Six Kenyans are among 19 business executives who have been named Africa Leadership Initiative (ALI) Fellows.
The executives, including Mr Mugo Kibati, the director general of Vision 2030 Delivery Secretariat and the Capital Markets Authority chief executive officer, Stella Kilonzo, are drawn from Kenya, Uganda, Tanzania, Rwanda and South Africa.
“The fellows represent our collective hope for a better future where community sense, ethics and values will play a central role in the executive decisions of those in whom we vest the power to lead, be it in business, politics or civil society,” Mr Ali Mufuruki, the chairman of ALI East Africa Foundation, said of the 2010 Class of ALI Fellows, the third in the region since 2002.
Other Kenyans are Dr Laila Macharia, the CEO, SCION Real Estate Ltd, Winnie Ouko, Director, Lattice Consulting, Pauline Mbayah, the Director, ATMS Foundation, South Africa, and Jeremy Awori, the CEO, Standard Chartered Bank (T) LTD, Dar es Salaam.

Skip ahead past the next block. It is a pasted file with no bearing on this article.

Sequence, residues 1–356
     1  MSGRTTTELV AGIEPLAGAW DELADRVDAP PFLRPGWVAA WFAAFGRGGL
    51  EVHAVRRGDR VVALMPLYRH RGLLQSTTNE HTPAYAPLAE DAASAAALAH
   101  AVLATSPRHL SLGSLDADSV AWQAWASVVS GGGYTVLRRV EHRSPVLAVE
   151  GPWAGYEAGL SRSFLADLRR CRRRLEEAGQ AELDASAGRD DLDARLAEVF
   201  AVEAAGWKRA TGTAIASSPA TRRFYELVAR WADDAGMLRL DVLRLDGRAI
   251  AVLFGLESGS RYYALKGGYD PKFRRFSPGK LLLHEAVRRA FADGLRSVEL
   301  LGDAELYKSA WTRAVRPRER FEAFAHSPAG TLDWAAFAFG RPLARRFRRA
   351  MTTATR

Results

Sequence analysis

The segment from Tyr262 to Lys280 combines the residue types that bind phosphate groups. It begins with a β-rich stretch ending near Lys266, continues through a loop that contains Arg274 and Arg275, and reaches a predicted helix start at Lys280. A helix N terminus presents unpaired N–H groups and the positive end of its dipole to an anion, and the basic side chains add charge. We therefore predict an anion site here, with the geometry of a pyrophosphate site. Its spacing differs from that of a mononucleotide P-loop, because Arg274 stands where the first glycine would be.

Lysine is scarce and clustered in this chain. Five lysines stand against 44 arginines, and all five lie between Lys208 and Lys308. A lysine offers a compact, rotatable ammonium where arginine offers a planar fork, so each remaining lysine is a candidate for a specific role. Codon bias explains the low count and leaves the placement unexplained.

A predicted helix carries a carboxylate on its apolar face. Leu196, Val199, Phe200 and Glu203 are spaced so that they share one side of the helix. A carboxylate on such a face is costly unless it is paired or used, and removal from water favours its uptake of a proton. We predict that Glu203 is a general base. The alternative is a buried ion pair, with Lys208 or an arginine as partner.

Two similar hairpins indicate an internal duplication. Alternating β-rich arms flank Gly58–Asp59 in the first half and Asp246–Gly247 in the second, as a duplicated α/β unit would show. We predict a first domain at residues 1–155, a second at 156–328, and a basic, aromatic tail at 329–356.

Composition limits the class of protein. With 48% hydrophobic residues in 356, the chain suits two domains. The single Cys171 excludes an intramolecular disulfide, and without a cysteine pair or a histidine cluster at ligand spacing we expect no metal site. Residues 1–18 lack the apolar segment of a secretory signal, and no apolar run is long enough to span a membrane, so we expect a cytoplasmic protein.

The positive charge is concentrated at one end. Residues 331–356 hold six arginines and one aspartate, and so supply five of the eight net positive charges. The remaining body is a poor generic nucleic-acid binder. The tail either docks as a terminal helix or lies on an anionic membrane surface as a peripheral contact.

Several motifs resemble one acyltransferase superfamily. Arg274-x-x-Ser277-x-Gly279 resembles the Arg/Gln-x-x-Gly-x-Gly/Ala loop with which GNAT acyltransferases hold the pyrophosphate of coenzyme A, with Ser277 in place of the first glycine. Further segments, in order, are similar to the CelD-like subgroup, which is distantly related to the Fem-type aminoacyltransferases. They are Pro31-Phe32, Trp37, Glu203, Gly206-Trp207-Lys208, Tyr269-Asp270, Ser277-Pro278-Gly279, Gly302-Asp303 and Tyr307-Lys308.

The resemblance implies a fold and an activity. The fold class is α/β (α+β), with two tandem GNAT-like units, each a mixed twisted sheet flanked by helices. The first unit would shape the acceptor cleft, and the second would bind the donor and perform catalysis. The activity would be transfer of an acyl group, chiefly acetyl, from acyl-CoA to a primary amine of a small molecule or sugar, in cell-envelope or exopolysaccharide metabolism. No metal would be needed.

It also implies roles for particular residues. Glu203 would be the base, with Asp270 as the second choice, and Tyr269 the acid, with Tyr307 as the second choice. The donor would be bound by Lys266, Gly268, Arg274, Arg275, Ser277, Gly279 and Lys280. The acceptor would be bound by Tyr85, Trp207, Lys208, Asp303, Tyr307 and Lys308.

There are currently some 280 African Fellows from Tanzania, Nigeria, Ghana, South Africa, Mozambique, Kenya, Uganda and Rwanda.
In total, the ALI East Africa III Fellows Class of 2010 has five Tanzanians, four Ugandans, three Rwandans and a South African.
The ALI Fellowship is part of the Aspen Global Leadership Network (AGLN) with over 1,300 Fellows from 43 countries who are committed to applying their entrepreneurial talents to address the challenges of their organisations, communities and countries.
Nominated by recognised local business and community leaders, the fellows are entrepreneurial executives and professionals under age 55 who have achieved significant success in their fields of endeavour and demonstrated their potential for leadership at the highest levels of corporate, government or civic responsibility.
They also possess a breadth of experience and level of maturity that will enable them to contribute effectively to the fellowship experience and come from diverse backgrounds in terms of occupation, ethnicity and gender.
The initiative is a project of seven organisations, The Aspen Institute (US), CETA Construction Services (Mozambique), Databank Foundation (Ghana), Infotech Investment Group LTD (Tanzania), LEAP Africa (Nigeria), The Letsema Foundation (South Africa) and TechnoServe Inc (US).